Einstein's Newly Published Old Travel Diaries Reveal His Hidden Racism
In a 1946 speech at Lincoln University, Albert Einstein famously said segregation was "a disease of white people," adding, "I do not intend to be quiet about it."
Despite Einstein's humanitarian efforts later in life, his attempts to foster peace in the wake of the atomic bomb, and the discrimination against Jews like Einstein in Nazi Germany, a new book reveals that Einstein himself held a number of overtly racist views, including toward the Chinese.
The Travel Diaries of Albert Einstein: The Far East, Palestine, and Spain, 1922 - 1923, exposes the secret racism hiding inside the universally beloved physicist, a man who saw the Chinese as "industrious, filthy, obtuse people," among other comments.
"I think a lot of comments strike us as pretty unpleasant—what he says about the Chinese in particular," said Ze'ev Rosenkranz, the editor of the diaries.
"They're kind of in contrast to the public image of the great humanitarian icon. I think it's quite a shock to read those and contrast them with his more public statements. They're more off-guard, he didn't intend them for publication."
And some of Einstein's other observations about the Chinese in his diaries are just as concerning. He often doesn't just reduce them to stereotypes; his descriptions can have the effect of dehumanizing them entirely.
"Even those reduced to working like horses never give the impression of conscious suffering. A peculiar herd-like nation [ … ] often more like automatons than people," writes Einstein.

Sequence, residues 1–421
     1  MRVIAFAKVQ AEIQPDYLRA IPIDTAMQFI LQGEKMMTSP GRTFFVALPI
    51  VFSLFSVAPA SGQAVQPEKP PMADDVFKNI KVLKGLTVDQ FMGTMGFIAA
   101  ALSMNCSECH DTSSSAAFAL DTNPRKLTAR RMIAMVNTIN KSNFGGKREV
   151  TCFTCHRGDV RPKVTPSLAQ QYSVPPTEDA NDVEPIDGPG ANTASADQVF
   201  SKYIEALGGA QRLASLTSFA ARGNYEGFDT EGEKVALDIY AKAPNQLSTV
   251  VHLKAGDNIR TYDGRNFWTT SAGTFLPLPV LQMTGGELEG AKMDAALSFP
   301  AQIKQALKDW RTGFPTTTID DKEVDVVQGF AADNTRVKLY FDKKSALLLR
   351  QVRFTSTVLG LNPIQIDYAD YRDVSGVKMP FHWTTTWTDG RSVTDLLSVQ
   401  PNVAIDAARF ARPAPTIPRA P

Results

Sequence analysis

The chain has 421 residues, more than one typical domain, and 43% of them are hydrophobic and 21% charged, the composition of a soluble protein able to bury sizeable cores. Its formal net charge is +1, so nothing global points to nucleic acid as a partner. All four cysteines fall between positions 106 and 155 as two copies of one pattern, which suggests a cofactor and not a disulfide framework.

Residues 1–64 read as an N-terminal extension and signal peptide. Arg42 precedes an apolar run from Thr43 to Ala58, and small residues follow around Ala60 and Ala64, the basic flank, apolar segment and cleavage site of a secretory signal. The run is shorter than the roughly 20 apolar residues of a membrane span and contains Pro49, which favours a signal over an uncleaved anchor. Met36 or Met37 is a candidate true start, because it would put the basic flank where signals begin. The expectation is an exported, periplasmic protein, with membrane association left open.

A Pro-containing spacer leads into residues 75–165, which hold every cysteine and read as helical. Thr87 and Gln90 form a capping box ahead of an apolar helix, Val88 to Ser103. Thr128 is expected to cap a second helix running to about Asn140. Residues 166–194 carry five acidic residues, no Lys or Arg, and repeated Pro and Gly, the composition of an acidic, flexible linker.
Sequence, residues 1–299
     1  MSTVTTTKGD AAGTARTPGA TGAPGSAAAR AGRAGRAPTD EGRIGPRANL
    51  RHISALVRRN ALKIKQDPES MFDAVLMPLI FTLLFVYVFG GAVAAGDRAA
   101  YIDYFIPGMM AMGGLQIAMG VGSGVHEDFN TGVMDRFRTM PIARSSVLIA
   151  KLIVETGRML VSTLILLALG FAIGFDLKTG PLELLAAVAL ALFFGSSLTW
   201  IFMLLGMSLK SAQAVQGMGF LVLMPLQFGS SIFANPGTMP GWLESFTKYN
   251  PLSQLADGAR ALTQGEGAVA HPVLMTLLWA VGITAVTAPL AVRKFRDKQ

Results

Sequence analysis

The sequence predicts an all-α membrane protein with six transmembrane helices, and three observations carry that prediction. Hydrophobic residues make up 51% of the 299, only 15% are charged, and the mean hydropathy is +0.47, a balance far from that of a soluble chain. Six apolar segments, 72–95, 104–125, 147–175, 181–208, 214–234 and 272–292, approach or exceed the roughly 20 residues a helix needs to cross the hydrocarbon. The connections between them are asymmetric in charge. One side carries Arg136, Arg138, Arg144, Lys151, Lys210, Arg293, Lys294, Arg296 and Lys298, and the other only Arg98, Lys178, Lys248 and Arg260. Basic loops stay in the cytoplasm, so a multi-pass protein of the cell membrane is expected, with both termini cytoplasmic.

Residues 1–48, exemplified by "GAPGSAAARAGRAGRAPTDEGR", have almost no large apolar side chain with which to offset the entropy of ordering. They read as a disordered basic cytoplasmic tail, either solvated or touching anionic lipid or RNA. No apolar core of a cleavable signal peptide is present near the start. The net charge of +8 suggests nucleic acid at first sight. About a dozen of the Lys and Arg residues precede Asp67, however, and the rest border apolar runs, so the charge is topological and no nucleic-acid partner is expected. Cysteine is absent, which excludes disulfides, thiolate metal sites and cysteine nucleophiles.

After observing that the Chinese tend to have many offspring, he further comments, "It would be a pity if these Chinese supplant all other races. For the likes of us, the mere thought is unspeakably dreary."
Though Einstein later expressed a positive opinion toward the Japanese, in his diaries he questions whether their weaker "intellectual needs" are a "natural disposition."
According to Rosenkranz, this hints at a troubling and deep-seated racist mindset:
"Einstein's diary entries on the biological origin of the alleged intellectual inferiority of the Japanese, Chinese, and Indians are definitely not understated and can be viewed as racist—in these instances, other peoples are portrayed as being biologically inferior, a clear hallmark of racism. The disquieting comment that the Chinese may 'supplant all other races' is also most revealing in this regard."
You can purchase the book from the Princeton University Press website here.